Tools Kubernetes and CoreOS Lead image: Lead Image © cepixx,
Lead Image © cepixx,

Safeguard and scale containers

Herding Containers

Security, deployment, and updates for thousands of nodes prove challenging in practice, but with CoreOS and Kubernetes, you can orchestrate container-based web applications in large landscapes. By Thomas Fricke

Since the release of Docker [1] three years ago, containers have not only been a perennial favorite in the Linux universe, but native ports for Windows and OS X also garner great interest. Where developers were initially only interested in testing their applications in containers as microservices [2], market players now have initial production experience with the use of containers in large setups – beyond Google and other major portals.

In this article, I look at how containers behave in large herds, what advantages arise from this, and what you need to watch out for.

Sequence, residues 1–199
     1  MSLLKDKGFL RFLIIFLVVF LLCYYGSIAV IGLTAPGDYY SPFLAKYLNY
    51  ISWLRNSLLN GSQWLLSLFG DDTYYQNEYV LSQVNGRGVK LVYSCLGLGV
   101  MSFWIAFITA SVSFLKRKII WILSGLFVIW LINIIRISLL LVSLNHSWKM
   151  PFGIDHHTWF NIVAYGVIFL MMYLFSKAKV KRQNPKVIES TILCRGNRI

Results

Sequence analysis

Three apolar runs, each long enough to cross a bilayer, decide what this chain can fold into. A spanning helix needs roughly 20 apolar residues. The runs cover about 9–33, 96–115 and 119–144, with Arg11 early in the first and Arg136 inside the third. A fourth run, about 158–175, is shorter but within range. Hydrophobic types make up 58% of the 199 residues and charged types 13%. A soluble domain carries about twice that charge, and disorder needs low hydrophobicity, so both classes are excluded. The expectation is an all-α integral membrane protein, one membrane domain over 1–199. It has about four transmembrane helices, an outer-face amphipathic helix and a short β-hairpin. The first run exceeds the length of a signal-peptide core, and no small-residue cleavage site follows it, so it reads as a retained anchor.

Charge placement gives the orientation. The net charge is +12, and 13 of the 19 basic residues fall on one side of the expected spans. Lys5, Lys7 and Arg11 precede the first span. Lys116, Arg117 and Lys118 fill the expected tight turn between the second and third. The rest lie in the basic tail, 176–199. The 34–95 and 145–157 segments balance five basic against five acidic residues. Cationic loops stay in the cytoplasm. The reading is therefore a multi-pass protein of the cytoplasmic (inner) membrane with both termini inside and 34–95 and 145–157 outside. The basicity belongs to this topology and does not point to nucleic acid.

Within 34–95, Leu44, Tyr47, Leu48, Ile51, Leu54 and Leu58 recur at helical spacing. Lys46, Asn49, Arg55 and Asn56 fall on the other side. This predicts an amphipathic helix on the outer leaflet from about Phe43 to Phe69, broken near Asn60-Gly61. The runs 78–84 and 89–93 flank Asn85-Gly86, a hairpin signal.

Herd Animals

Admins clearly need to orchestrate the operation of Docker containers in bulk, and Kubernetes [3] (Figure 1) is a two-year-old system that does just that. As part of Google Infrastructure for Everyone Else (GIFEE), Kubernetes is written in Go and available under the Apache 2.0 license; the stable version when this issue was written was 1.3.

Kubernetes comes with a unique web interface for managing pods, nodes, and containers.
Figure 1: Kubernetes comes with a unique web interface for managing pods, nodes, and containers.

The source code is available on GitHub [4]; git clone delivers the current master branch. It is advisable to use git checkout v1. 3.0 to retrieve the latest stable release (change v1. 3.0. to the latest stable version). If you have the experience or enjoy a challenge, you can try a beta or alpha version.

Typing make quick-release builds a quick version, assuming that both Docker and Go are running on the host. I was able to install Kubernetes within a few minutes with Go 1.6 and Docker 1.11 in the lab. However, since version 1.2.4, you have to resolve a minor niggle by deleting the $CDPATH environment variable using unset CDPATH to avoid seeing error messages.